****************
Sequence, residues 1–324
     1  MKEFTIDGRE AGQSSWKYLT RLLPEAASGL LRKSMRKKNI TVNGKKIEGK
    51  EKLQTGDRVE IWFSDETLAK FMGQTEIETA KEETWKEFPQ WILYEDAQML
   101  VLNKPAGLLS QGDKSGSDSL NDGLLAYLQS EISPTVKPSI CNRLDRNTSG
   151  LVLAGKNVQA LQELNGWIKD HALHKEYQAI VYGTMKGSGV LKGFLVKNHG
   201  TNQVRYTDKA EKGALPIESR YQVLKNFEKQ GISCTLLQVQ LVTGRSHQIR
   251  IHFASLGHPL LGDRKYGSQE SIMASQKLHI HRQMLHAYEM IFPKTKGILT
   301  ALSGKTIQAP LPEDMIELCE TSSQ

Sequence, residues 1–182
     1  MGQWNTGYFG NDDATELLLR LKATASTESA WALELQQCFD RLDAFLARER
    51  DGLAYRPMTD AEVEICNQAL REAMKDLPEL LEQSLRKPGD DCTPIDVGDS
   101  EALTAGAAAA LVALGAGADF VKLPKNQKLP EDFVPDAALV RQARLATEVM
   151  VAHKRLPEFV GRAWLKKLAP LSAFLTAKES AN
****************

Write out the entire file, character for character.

Sequence, residues 1–324
     1  MKEFTIDGRE AGQSSWKYLT RLLPEAASGL LRKSMRKKNI TVNGKKIEGK
    51  EKLQTGDRVE IWFSDETLAK FMGQTEIETA KEETWKEFPQ WILYEDAQML
   101  VLNKPAGLLS QGDKSGSDSL NDGLLAYLQS EISPTVKPSI CNRLDRNTSG
   151  LVLAGKNVQA LQELNGWIKD HALHKEYQAI VYGTMKGSGV LKGFLVKNHG
   201  TNQVRYTDKA EKGALPIESR YQVLKNFEKQ GISCTLLQVQ LVTGRSHQIR
   251  IHFASLGHPL LGDRKYGSQE SIMASQKLHI HRQMLHAYEM IFPKTKGILT
   301  ALSGKTIQAP LPEDMIELCE TSSQ

Sequence, residues 1–182
     1  MGQWNTGYFG NDDATELLLR LKATASTESA WALELQQCFD RLDAFLARER
    51  DGLAYRPMTD AEVEICNQAL REAMKDLPEL LEQSLRKPGD DCTPIDVGDS
   101  EALTAGAAAA LVALGAGADF VKLPKNQKLP EDFVPDAALV RQARLATEVM
   151  VAHKRLPEFV GRAWLKKLAP LSAFLTAKES AN